पुनर्निर्माण अपडेट

Earthquake victims happy to have a concrete home


Prior to the earthquake, however, the Katuwal couple never even considered the possibility of building a concrete house. Having lived half their lives in a mud-mortar home, their new concrete structure is the beginning of a new chapter entirely.

Nisankhe (Okhaldhunga): Ram Bahadur Katuwal is now 78 years old, his wife Janamaya is 66. The couple, left stranded after their house was destroyed by the earthquake, now finally has a new home. They moved to their new house after all the rituals and offerings were completed sometime mid-July.  

The Katuwal couple could not be more excited. They used to live in their simply repaired earthquake affected home before the new home was built and are thrilled that they have finally moved into a more permanent structure.   

“We lived with relatives for some time and later moved back to our damaged home after a few repairs,” said Ram Bahadur. The Katuwal couple built their new home with the help of a government grant of Rs. 300,000 provided through the National Reconstruction Authority.

The Katuwal couple from Nishankhe of Siddicharan Municipality ward no. 2 in Okhaldhunga district used to live in a thatch covered home which leaked. Prior to the earthquake, however, they never even considered the possibility of building a concrete house. Having lived half their lives in a mud-mortar home, their new concrete structure is the beginning of a new chapter entirely. 

“This has come as good fate for us, I never imagined that I would be able to build and live in such a home,” a pleased Katuwal said, who in his young days also used to be an office assistant with the District Administration Office in Okhaldhunga. 

“I built this home with the 300 thousand rupees offered by the government and took out an additional loan too. So now, I have a loan but I am delighted that we will get to live out our old age happily.” Building the concrete home with two rooms cost him Rs. 600,000. 

The Katuwal couple’s thatched roof house was feeble and leaky, such that often the situation was such that they had to collect the leaking water in buckets inside. “Sometimes, the cooking fire would be put out by the leaking water, causing us to sometimes have to go to bed on empty stomachs,” Katuwal shared.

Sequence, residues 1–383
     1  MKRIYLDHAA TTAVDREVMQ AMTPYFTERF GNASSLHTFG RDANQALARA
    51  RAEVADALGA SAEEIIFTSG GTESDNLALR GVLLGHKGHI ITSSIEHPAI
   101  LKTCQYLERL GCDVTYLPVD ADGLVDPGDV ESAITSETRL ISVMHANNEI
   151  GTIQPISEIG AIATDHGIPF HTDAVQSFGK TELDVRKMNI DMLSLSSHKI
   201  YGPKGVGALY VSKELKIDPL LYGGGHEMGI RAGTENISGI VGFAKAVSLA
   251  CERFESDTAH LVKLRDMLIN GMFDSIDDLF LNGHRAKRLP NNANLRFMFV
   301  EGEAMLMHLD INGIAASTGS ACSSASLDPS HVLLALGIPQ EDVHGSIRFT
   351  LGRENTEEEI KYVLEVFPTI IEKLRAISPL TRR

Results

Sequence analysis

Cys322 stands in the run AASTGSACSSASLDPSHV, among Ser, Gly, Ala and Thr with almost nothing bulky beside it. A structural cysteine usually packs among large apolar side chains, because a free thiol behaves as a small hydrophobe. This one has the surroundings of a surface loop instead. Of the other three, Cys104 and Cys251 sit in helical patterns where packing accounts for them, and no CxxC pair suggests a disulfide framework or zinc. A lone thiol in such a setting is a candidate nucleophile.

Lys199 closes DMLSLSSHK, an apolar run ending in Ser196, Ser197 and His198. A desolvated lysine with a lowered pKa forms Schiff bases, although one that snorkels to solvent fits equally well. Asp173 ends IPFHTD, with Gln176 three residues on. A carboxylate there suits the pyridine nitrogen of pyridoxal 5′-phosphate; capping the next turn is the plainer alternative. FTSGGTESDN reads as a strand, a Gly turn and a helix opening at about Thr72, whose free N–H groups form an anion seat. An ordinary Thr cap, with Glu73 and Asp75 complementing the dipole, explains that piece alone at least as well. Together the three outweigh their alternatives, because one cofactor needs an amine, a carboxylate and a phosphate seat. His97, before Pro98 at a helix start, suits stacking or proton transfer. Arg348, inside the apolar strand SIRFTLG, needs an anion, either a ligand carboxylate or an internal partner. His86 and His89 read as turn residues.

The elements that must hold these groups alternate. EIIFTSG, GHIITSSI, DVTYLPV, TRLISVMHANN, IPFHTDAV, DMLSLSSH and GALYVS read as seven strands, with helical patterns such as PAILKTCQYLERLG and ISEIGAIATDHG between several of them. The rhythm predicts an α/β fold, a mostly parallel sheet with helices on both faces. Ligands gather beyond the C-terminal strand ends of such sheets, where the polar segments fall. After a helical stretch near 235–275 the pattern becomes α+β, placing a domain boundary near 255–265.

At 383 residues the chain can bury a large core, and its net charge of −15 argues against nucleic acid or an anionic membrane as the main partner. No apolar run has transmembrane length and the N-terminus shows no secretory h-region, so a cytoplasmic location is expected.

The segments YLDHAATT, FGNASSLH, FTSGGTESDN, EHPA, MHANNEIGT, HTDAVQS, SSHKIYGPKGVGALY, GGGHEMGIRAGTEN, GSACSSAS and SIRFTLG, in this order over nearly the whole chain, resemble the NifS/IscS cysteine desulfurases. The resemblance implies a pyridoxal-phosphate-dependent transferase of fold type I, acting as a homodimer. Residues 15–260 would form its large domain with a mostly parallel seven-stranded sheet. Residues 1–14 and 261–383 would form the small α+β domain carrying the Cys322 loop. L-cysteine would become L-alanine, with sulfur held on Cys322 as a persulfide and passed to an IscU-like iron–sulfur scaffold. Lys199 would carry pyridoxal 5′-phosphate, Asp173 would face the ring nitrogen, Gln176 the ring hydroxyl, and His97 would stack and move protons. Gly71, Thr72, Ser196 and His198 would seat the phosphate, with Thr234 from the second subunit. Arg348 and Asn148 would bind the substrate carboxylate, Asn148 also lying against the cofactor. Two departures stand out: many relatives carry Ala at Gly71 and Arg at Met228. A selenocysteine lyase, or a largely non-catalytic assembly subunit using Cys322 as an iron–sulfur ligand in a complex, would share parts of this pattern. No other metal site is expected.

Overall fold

Parents to four children, the Katuwals have two sons and two daughters and have already got all of the children married and taken care of inheritance distribution. Their sons thus live separately now. These parents are among the few lucky ones to have received all three instalments of the government grant. 

Shyam Kumar Katuwal, 44, from Nishankhe is also building a home with the hopes of completing it in October, 2018. He, too, is happy to be able to build an earthquake resilient home for his family.

Shyam Kumar is building a two-storied concrete home. “Our home was of mud-mortar build before the earthquake destroyed it so now we are very happy to be building a new home with a steel roof and concrete walls.” 

“Though we were sad to see our home destroyed by the earthquake, the new home gives us great satisfaction,” he said. “If there was no earthquake, I think we would not have built a new home.” 

Shyam’s new home only needs a roof before it is complete. He has already spent Rs. 900,000 in building this house for which the total cost is estimated to be Rs. 1.2 million. As his wife is a teacher, her earning is a big help. 

“I have built this quality home because I feel that a home is built once in a lifetime,” Shyam said. But he, too, has taken out a loan for the purpose. 

According to Madhab Prasad Bhattarai, the ward secretary, of the 104 homes destroyed by the earthquake in Nishankhe of Siddicharan Municipality ward no. 2, 96 beneficiaries have already signed an agreement to build their homes, of which 70 have already been completed. 

As per engineer Sanjib Yadav, all homes that have signed the agreement, with the exception of three, are being built. Of the three, one lives in Kathmandu, one is a widow and one has built his house on his own without any consultation.

The 820 household-strong Nishankhe village has diverse inhabitants comprising different castes and communities. The earthquakes of April and May 2015 destroyed all their homes.

By Surendra Kafle in Annapurna Post

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